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I’m Gonna Be (500 Miles): The Proclaimers’ Signature Song Still Walks Tall
In Depth

I’m Gonna Be (500 Miles): The Proclaimers’ Signature Song Still Walks Tall

It only took an hour to write, but I’m Gonna Be (500 Miles) has become The Proclaimers’ definitive song.

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Many successful bands can fall back on the success of their biggest-selling chart hit, but few are lucky enough to pen a smash that can transcend fad, fashion and genre. The Proclaimers, however, can count themselves in this privileged elite, for their signature song, I’m Gonna Be (500 Miles), has found favour with music fans of all persuasions since it first cracked the UK Top 20 in 1988.

Listen to the best of The Proclaimers here.

“It enables us to get the rest of our music out there”

“Letter From America and I’m On My Way make good money,” singer Craig Reid told The Guardian in 2015, before revealing, “I’m Gonna Be (500 Miles) makes about five times more than the rest of our songs added up. It enables us to make other records and stay on the road, getting the rest of our music out there.”

The Proclaimers had already chalked up their bona fide breakthrough hit – 1987’s Letter From America – when they first issued I’m Gonna Be (500 Miles) as the lead single from their second album, Sunshine On Leith. In fact, it’s often forgotten that Letter From America was actually the bigger hit at the time, reaching No.3 on release compared with I’m Gonna Be’s initial chart peak of No.11.

In terms of longevity, however, I’m Gonna Be (500 Miles) has won hands down. After its first flush of success, the song again bathed in the limelight, in 1993, soaring to No.3 in the US after featuring in the soundtrack for the romantic comedy Benny & Joon, starring Johnny Depp and Mary Stuart Masterson. It then enjoyed another homeland success in 2007, topping the UK singles chart after being reissued in conjunction with Comic Relief. Not a bad return for a track The Proclaimers’ songwriting siblings, Craig and Charlie Reid, knocked out as they whiled away some downtime during an otherwise average afternoon in 1988.

“We had an hour to kill… I’m Gonna Be (500 Miles) came straight away”

“We were sitting in a flat in Edinburgh, waiting to go up and play a gig in Aberdeen,” Craig Reid recalled in 2015. “We had an hour to kill before our lift, so I started playing some chords on the electric piano – and I’m Gonna Be (500 Miles) came straight away…

“I can’t play guitar, so I played it to Charlie, and he changed it to those Buddy Holly-type downstrums,” he added. “It’s not a hard song to play. Right from the start we knew it was catchy, but when we started playing it live the reaction was tremendous.”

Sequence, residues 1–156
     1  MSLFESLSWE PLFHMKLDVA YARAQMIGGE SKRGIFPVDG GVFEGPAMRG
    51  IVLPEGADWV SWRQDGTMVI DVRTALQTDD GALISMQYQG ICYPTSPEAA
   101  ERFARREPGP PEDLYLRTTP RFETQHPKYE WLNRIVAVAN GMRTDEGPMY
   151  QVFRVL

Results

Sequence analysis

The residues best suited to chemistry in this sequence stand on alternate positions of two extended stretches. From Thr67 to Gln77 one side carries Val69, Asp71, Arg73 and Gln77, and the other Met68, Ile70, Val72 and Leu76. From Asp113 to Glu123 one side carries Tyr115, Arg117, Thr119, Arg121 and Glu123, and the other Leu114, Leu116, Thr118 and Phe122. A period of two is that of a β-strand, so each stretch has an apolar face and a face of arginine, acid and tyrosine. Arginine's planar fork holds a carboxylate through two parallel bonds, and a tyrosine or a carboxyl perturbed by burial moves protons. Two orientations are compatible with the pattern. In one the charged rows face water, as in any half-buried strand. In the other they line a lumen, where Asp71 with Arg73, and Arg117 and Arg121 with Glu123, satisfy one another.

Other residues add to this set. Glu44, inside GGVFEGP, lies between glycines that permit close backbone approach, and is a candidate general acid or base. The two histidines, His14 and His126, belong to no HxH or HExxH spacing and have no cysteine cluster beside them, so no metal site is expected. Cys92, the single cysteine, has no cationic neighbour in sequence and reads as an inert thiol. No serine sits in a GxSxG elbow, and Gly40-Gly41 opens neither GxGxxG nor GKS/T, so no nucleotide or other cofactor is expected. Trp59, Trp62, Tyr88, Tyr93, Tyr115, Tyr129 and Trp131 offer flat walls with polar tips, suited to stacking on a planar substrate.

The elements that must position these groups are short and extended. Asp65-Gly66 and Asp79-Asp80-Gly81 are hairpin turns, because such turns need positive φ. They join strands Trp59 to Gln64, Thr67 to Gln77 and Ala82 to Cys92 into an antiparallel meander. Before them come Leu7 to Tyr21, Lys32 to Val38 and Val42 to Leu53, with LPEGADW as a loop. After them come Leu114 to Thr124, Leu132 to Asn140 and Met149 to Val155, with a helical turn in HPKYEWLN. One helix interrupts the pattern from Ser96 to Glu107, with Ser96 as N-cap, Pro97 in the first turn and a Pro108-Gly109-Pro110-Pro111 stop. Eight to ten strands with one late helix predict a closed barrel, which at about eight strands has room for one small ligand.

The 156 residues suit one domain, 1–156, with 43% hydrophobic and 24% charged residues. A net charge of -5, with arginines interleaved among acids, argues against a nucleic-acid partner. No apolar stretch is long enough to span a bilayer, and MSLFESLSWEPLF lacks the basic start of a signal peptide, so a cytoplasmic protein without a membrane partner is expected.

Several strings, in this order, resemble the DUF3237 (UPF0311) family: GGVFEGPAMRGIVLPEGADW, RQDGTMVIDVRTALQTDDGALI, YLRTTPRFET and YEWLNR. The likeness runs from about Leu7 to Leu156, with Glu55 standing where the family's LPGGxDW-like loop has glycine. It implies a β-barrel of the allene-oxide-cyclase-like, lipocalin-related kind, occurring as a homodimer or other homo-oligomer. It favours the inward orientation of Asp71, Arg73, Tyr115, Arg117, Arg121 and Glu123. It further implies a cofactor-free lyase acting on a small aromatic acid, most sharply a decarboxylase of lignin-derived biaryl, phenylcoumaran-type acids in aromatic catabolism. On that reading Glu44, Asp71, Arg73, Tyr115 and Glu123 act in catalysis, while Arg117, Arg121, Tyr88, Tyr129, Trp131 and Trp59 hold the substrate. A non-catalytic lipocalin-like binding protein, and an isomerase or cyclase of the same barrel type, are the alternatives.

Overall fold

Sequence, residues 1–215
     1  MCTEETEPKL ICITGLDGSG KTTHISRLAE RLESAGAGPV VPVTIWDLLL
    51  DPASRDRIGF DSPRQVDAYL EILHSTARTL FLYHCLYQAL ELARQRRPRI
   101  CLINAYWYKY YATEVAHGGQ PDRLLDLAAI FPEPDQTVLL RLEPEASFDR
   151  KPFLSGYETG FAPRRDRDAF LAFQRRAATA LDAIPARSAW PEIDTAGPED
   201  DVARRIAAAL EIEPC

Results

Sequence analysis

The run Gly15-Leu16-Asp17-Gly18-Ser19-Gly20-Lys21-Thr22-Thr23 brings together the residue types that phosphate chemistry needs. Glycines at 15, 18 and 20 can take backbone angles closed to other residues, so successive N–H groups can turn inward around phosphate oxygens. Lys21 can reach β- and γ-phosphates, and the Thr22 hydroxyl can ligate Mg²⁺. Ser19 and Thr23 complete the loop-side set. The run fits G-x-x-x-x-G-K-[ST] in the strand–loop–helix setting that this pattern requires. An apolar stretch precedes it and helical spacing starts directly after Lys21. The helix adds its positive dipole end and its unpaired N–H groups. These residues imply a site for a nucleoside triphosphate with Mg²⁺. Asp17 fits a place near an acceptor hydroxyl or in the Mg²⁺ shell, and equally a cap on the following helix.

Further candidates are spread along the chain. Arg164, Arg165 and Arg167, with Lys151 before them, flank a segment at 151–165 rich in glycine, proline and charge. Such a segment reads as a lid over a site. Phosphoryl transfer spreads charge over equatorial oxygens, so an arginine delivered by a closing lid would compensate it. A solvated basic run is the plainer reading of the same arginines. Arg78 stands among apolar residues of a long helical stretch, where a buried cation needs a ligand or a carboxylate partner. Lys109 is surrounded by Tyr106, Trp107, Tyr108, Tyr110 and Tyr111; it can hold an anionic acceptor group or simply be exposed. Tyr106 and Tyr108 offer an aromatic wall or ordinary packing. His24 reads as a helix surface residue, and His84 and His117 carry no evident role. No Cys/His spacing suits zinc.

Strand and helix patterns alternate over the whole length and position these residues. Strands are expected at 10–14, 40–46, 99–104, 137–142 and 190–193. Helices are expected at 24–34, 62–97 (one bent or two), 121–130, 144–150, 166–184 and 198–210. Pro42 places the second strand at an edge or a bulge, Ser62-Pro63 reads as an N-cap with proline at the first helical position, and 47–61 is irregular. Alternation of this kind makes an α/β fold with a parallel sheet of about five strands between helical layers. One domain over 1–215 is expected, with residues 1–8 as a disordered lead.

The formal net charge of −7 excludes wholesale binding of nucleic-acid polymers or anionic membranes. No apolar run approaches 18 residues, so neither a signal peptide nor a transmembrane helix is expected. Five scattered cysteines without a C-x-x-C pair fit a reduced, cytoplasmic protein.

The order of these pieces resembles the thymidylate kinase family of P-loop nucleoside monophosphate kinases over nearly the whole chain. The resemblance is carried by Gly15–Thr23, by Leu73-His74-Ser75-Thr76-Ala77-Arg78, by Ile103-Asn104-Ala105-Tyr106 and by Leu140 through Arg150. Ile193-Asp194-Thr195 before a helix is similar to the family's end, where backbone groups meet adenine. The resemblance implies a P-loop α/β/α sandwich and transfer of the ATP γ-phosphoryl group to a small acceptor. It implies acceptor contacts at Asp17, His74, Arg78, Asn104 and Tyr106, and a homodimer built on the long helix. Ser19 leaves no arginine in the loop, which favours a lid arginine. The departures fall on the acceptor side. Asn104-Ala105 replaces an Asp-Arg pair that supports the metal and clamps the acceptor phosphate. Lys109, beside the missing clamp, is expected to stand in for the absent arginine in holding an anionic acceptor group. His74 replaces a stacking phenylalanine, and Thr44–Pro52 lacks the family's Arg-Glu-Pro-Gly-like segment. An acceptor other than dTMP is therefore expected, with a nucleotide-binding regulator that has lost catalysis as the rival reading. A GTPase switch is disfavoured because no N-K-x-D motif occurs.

The feedback was so positive that the Reid brothers soon realised I’m Gonna Be (500 Miles) was the obvious contender to launch their second album, Sunshine On Leith. In addition to its UK high of No.11, the song topped the charts in Iceland, Australia and New Zealand as it helped its parent album reach multi-platinum sales in numerous territories. However, while I’m Gonna Be’s rousing, anthemic qualities seduced an international audience, many listeners have been wide of the mark when it comes to the song’s meaning.

“Pretty much anyone can relate to it”

“People make all sorts of interpretations of the lyrics,” Craig told The Guardian. “Especially the supposed religious significance of 500 miles – but it’s just a love song… I’ve never actually walked 500 miles. I like walking, but that’s a bit much for me!”

Whatever fans have taken from the song, it seems that future generations will continue to embrace this fiery folk-rock classic. Since it was picked up for the Benny & Joon soundtrack, it has appeared in US TV shows such as Grey’s Anatomy and How I Met You Mother, not to mention all manner of sporting events, including regular airings on the terraces at Easter Road – the home of at The Proclaimers’ favoured Edinburgh football team, Hibernians, who have also taken another Proclaimers song, Sunshine On Leith, to their hearts. It’s a done deal that I’m Gonna Be (500 Miles) will march on for years yet to come.

“I never set out to write a song with universal appeal,” Craig reflected in 2015. “But it does mention working, drunkenness and travelling, so pretty much anyone can relate to it.”

“People say they love the song for lots of reasons: its marching beat, the stop-start rhythm, that call and response bit. I think it’s a bit of everything,” Charlie added. “The band is nowhere near as famous as the song and we never will be. When they write our obituaries, whether in Scotland or Kazakhstan, they won’t mention much else.”

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